For related information please see: EB-5 Visa India.

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23rd October 2010

Those American Citizens with Indian husbands or wives often research issues surrounding the US K-3 marriage visa category in an effort to make informed decisions about American travel documentation. Although the term “K-3 visa” has become a common buzzword used as a colloquial synonym for US Marriage Visa on the World Wide Web, the K-3 category was not always the widely utilized travel document for Indian-American couples reuniting in the United States as the Immigrant visa categories often referred to as CR-1 and/or IR-1 visas were once the only travel documents available to the spouses of American Citizens wishing to take up residence in the USA (note: the IR-1 visa category predates the CR-1 visa category as conditional lawful permanent residence status has not always been imposed upon foreign spouses of US Citizens married less than 2 years).

There was a rather significant backlog of Immigrant visa petitions at the agency now commonly referred to as the United States Citizenship and Immigration Service (USCIS) when the K3 visa category was created by Congressional legislation sometimes called the “Life Act” which was signed and executed by President William Jefferson Clinton prior to leaving office toward the end of his term (the K-4 visa, similar to the K2 derivative visa attached to the K1 visa, was a derivative visa category also created by the “Life Act” to be utilized by the children of an Indian K-3 spouse).

Currently, the United States Citizenship and Immigration Service does not have the backlog that it once had of Immigrant spousal visa petitions. As a result, the K-3′s utility has been increasingly marginalized as the estimated processing time for CR-1 visa petitions and IR-1 visa petitions has decreased. Relatively recently, the American State Department’s National Visa Center (NVC) promulgated the policy that K-3 visa applications would be administratively closed if and/or when the adjudicated immigrant visa petition arrives at NVC before or with the supplemental K-3 visa petition. This policy has likely lead to some Indian-American married couples to seek Immigrant visa benefits rather than K-3 visa benefits as “administrative closure” precluded further processing of the K-3 visa petition and application.

Those interested in the K3 visa process or the Immigrant visa process are well advised to research all options prior to making any irrevocable decisions. Furthermore, those seeking immigration advice and/or representation should check the credentials of those claiming expertise in American immigration matters as only licensed American attorneys may practice American immigration law pursuant to U.S. law.

Fore related information please see: K3 Visa India or K1 Visa India.

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3rd August 2010

This blog frequently posts the holiday closing schedules of US Embassies and US Consulates overseas in an effort to forestall Americans or foreign nationals making an unnecessary and fruitless trip to the Post facilities of a US Mission abroad. The following is the holiday closing schedule for the United States Consulate-General in Kolkata, India as quoted directly from the official website of the US Consulate in Kolkata:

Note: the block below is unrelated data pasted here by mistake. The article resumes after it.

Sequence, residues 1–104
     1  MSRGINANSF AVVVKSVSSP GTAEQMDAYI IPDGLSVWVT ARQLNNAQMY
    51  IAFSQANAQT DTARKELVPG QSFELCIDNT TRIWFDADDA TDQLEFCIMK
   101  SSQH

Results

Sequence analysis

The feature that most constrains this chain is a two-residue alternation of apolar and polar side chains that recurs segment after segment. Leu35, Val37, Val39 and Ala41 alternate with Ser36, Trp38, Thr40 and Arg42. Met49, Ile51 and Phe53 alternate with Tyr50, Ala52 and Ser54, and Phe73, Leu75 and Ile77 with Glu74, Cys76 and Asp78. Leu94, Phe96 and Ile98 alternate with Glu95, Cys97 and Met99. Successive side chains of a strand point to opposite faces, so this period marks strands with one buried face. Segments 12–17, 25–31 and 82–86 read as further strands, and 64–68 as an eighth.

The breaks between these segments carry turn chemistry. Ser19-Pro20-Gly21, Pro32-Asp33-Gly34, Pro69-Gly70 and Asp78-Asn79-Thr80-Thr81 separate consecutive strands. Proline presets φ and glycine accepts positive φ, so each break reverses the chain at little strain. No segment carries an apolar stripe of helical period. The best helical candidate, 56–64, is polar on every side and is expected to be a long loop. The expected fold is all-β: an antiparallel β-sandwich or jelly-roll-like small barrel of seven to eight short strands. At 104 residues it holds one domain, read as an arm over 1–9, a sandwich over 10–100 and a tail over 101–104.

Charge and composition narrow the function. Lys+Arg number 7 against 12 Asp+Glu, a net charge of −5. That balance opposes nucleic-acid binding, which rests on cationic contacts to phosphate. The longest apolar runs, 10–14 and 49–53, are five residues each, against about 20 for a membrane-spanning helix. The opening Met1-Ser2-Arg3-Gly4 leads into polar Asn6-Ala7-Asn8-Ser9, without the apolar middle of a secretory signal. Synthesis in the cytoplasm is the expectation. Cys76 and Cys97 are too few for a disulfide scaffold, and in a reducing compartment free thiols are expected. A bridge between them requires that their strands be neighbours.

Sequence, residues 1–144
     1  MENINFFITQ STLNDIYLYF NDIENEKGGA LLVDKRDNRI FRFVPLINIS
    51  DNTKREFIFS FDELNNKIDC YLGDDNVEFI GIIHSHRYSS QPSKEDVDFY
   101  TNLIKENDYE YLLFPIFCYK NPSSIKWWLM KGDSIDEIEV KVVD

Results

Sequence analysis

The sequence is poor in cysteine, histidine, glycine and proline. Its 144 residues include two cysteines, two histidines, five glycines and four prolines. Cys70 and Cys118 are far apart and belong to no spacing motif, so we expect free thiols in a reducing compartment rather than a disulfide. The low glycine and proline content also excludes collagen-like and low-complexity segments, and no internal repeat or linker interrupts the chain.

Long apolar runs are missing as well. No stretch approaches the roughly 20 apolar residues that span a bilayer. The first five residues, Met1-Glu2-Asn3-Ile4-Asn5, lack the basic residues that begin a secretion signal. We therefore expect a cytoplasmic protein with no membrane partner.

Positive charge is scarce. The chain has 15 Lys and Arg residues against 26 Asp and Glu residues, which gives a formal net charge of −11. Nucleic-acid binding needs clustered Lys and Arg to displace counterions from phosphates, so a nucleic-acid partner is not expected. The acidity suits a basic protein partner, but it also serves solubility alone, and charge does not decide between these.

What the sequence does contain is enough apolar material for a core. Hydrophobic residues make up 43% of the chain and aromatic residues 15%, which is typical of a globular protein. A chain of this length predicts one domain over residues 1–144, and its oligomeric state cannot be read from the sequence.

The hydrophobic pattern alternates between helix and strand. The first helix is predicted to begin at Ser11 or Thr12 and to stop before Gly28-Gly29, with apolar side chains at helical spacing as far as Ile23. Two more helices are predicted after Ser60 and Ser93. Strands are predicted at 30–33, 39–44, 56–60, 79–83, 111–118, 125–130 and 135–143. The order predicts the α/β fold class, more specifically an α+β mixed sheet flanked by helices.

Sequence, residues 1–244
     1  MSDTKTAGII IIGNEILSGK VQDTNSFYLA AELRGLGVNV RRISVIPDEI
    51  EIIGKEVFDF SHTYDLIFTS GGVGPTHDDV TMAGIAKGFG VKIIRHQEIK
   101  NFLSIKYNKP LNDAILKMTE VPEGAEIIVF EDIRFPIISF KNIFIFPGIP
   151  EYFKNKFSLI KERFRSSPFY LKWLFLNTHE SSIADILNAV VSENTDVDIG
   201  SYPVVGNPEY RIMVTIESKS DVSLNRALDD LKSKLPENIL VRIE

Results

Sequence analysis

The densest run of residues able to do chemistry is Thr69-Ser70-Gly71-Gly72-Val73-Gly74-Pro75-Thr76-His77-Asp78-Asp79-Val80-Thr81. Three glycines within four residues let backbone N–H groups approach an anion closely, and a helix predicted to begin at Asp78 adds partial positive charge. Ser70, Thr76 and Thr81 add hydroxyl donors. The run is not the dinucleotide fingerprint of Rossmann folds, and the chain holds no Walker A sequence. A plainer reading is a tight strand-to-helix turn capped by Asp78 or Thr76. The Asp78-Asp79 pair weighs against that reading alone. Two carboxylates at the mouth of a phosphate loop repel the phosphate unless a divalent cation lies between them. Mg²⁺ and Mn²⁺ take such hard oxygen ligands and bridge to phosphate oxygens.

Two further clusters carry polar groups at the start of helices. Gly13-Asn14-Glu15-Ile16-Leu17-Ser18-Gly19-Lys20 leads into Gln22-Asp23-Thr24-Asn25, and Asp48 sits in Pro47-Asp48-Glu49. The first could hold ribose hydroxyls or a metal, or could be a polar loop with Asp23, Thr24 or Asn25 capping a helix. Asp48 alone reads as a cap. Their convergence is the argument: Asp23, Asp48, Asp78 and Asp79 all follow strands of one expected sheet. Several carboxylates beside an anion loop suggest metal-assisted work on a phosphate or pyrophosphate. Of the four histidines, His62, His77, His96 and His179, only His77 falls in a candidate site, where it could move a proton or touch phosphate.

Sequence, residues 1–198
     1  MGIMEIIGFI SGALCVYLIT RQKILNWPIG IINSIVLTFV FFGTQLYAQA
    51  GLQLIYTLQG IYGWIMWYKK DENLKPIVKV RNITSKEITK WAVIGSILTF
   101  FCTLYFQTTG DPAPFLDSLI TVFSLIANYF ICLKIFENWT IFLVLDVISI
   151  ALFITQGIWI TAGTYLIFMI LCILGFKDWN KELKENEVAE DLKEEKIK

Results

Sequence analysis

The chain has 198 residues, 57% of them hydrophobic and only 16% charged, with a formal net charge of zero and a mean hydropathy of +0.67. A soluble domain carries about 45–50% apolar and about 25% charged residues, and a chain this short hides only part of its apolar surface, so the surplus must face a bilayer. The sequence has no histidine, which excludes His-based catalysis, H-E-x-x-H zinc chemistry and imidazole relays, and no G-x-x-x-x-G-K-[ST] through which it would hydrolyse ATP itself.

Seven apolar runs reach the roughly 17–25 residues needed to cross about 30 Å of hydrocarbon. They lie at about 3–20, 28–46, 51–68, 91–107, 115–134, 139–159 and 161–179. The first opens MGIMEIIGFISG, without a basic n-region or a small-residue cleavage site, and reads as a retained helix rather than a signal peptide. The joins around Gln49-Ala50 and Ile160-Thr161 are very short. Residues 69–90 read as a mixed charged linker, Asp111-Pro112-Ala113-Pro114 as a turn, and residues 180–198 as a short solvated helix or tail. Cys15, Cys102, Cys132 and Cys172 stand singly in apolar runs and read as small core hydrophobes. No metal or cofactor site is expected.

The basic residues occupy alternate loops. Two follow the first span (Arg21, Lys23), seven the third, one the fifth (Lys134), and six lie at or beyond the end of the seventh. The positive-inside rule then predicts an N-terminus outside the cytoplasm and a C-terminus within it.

The U.S. Consulate General, the Consular/Visa Section, the Public Affairs Office at the American Center comprising of The American Library(AIRC), USIEF(United States India Educational Foundation) and the United States Foreign Commercial Service at Kolkata, India will observe the following American and Indian holidays in the year 2010.

DATE

DAY

HOLIDAY

TYPE

January 1

Friday

New Year’s Day

American

January 18

Monday

Martin Luther King’s Birthday

American

January 20

Wednesday

Shree Panchami

Indian

January 26

Tuesday

Republic Day

Indian

February 15

Monday

Washington’s Birthday

American

April 02

Friday

Good Friday

Indian

April 15

Thursday

Bengali New Year

Indian

May 31

Monday

Memorial Day

American

July 5

Monday*

Independence Day

American

September 6

Monday

Labor Day

American

October 11

Monday

Columbus Day

American

October 14

Thursday

Durga Puja(Saptami)

Indian

October 15

Friday

Durga Puja(Ashtami)

Indian

October 22

Friday

Lakshmi Puja

Indian

November 05

Friday

Kali Puja

Indian

November 11

Thursday

Veterans’ Day

American

November 17

Wednesday

Id-Ul-Zoha

Indian
November 25

Thursday

Thanksgiving Day

American
December 17

Friday

Muharram

Indian
December 24

Friday**

Christmas Day

American


*In lieu of Sunday , 7/4/10
** In lieu of Saturday, 12/25/10

Some of the popular reasons why American Citizens travel to a US Consular Post or a US Embassy overseas is to obtain new passports, visa pages, Consular Reports of Birth Abroad, or notarizations from the American Citizen Services Section of the Consulate. Those seeking such services are well advised to check the operating hours of the American Citizen Services Section of the Consulate as well as the holiday closing schedule in order to forestall a futile trip to the Post due to unforeseen closure.

It should also be noted that many United States Embassies and United States Consulates allow those with business at the post to book appointments online. This provides the Consular staff with an opportunity to better prepare to provide appropriate services to those seeking Consular assistance abroad.

Those seeking a visa to the United States do not deal with the American Citizen Services section of most US Consulates and/or Embassies as American visa applications are generally adjudicated by either the Immigrant visa unit or the non-immigrant visa unit (generally for purposes of Consular adjudication of a visa application the K1 visa is considered an Immigrant visa).